After parking my car on Washington Avenue in Newport, I get out and start walking north toward the river. Only a few steps from my car, still 30 yards shy of the door to the Crazy Fox Saloon, I hear a deep, dark Dub Reggae groove slinking through the nighttime air like lazy smoke with an urgent message.
It’s damn near impossible to get a drink because the bar is so packed and understaffed. Undeterred, the crowd in the front room hoots and hollers. Some jockey for position at the bar, red-eyed already and teeth grinding with the frustration of dealing with a bartender who hasn’t looked your way since the Carter administration. Others duck outside for a nip from a bottle in their car. Someone kicks over a burlap sack of colored pencils under the piano bench and I seize the noisy distraction as an opportunity to stuff my pockets full of free condoms from a bin on top of the piano.
Squirming and sidling through the tiny front barroom I finally leap up the two steps that lead to the back room where Duppy A’Jamba is rocking out for a packed house. I see the familiar faces of friends and I join them on the perimeter of a jampacked dance floor.
Duppy frontman J Duckworth is a dancing, dervish hybrid of Peter Tosh and Joe Strummer. He punches the air with boisterous barks and shouts, straining a voice already ragged and raspy. And it’s still early in the band’s first set of the evening. Dressed in black, his Punk Undertaker ensemble set off by gleaming white shoes, Duckworth taunts and cajoles a dozen dancers up front.
“I’m gonna need all of you people to take a step forward!” he bellows over the band.
His chaotic, speed-freak energy-trance propels him and his guitar out on to the dance floor time and again throughout the evening, smashing the fourth wall between performer and audience. Duckworth’s impulsive animal instinct bonds the band and audience together. In this way he makes the dancers full contributors and energetic participants in the performance. The band brews a boiling Jamaican stew and all in attendance become active ingredients.
The crowd is moving like one: hands in the hair, feet flapping, elbows and knees bending and extending furiously to the band’s irrepressible Punk Ska energy. Now and then a head bobs above the fray like a fish leaping out of the ocean for a death-defying flip-flop flight, then it’s back into the bouncing mob. Guys take note: There’s a ton of young chicks in the crowd at Duppy shows.
The music simmers and percolates while band members leap about like jumping beans on a hot plate. Keyboard player Alex Duckworth and bassman Sam Schweiger share a mid-song cigarette without missing a beat. By no means tethered to his keyboard, Alex works the back of the stage, stalking to and fro, smiling and nudging the horn players then tossing his fedora into the sweaty crowd. Swallowed up by the pack of dancers, the hat soon emerges on a friend’s bobbing head. The keyboardist looks relieved that his lid wasn’t lifted, only loaned, while Schweiger’s bass rumbles the room like a steady rolling tremor.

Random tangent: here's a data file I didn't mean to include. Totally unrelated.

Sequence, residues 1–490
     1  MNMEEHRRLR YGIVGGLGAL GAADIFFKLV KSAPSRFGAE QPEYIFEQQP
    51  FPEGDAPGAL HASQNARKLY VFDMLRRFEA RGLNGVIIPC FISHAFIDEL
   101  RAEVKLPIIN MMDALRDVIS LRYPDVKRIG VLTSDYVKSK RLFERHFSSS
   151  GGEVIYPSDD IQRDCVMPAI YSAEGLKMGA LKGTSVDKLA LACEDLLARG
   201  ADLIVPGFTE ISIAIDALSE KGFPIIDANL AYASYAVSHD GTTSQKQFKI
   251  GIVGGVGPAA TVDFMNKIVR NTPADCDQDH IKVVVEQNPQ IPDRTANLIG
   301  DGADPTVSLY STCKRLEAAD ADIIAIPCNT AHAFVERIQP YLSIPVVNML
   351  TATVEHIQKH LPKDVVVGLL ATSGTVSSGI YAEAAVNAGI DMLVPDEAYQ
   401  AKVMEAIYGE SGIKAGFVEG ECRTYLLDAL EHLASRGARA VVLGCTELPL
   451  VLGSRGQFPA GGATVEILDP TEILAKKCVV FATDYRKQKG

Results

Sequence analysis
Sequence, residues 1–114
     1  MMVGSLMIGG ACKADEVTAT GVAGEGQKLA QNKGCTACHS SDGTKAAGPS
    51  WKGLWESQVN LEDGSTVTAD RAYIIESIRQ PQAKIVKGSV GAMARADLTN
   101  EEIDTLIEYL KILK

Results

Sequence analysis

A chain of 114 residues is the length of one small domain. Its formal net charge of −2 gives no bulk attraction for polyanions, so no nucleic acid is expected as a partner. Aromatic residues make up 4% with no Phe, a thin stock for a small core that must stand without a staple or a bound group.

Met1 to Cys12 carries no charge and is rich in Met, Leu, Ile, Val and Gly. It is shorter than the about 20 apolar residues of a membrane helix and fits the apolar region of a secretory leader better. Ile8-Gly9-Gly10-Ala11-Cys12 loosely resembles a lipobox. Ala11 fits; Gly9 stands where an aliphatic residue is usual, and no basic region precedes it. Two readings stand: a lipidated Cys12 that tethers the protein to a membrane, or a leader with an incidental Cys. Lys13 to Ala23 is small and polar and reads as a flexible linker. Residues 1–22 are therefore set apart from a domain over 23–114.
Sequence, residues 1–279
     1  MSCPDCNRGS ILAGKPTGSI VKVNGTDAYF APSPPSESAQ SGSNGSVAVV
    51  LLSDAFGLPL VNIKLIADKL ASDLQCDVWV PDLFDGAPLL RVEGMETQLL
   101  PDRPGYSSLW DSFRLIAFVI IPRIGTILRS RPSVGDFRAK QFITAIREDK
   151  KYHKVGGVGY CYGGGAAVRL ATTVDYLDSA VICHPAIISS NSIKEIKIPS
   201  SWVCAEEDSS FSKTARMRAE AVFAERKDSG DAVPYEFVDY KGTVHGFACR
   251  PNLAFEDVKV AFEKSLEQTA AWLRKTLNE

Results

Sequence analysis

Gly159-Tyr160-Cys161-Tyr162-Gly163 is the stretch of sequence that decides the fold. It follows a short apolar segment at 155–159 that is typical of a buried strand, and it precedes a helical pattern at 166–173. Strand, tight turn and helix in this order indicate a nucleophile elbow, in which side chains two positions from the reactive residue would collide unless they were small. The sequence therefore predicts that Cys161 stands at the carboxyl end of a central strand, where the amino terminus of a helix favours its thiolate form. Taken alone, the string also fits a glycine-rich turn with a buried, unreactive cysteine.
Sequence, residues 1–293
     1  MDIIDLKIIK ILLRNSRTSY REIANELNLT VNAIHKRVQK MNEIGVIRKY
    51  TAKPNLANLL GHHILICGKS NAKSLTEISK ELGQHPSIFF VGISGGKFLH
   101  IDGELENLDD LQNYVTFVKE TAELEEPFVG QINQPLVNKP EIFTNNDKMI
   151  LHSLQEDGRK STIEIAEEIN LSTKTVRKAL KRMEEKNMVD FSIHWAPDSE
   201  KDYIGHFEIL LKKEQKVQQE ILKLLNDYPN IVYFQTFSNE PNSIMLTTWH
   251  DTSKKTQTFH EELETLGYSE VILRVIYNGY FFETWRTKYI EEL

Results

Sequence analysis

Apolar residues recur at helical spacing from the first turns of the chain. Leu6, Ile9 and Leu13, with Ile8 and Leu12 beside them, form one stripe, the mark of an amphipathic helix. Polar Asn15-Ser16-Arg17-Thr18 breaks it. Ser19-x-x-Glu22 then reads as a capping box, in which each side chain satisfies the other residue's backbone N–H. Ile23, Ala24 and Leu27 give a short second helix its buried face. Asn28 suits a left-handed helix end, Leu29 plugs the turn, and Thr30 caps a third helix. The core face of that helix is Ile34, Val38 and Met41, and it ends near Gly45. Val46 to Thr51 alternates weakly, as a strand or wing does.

Drummer Daniel Peterson keeps the beat up and rugged, rock steady and resilient. He and his kit smushed into the corner, his sleeves rolled up to the elbow, his countenance one of hard work seriousness. Percussionist Jeff Rickels looks on in amusement while thumping the djembe. His big brown beard makes a valiant effort to disguise his smirk but ultimately fails.
Duppy A’Jamba’s horn section, sax player Brain Gilronan and trombonist Chap Sowash, might be its strongest attribute. Betraying a soul-deep and effortless calm normally seen only in much older musicians, these two ooze cool. In what is perhaps a tacit acknowledgement of the jazzman’s impeccable dress code, Gilronan and Sowash are also often the most dapper Duppies onstage. While Gilronan rolls out a slinky sax line that sounds like a rabid leopard in heat, Sowash’s heavy-lidded expression defiantly refutes the decades of apathy and misunderstanding accorded to Jazz players since the music’s inception. They trade solos and wave the shiny brass instruments over their heads, shouting and singing along with every song.
This particular Duppy gig at the Crazy Fox was a celebration of the band’s third anniversary and the release of a new EP to commemorate the event. Already veterans of both Cincy Punk Fest and Cincy Ska Fest, Duppy A’Jamba has recently hit the road on a DIY tour circuit that has taken them all around the Midwest and as far as New Orleans. They were also nominated in the Best World Music category at last year’s Cincinnati Entertainment Awards.
Recently the band emerged unscathed and indeed stronger than ever after the sudden departure and eventual replacement of two original members. On the debut CD they released last year Duppy A’Jamba displayed a cool confidence and lazy-eyed romanticism. But in live performance they are off-the-hook crazy, flailing about like loco coyotes on laughing gas, giving themselves over to the infectious energy that they themselves are creating and losing themselves in the moment.
There is something for us all to learn from this. The present moment being, after all, the only one we have.
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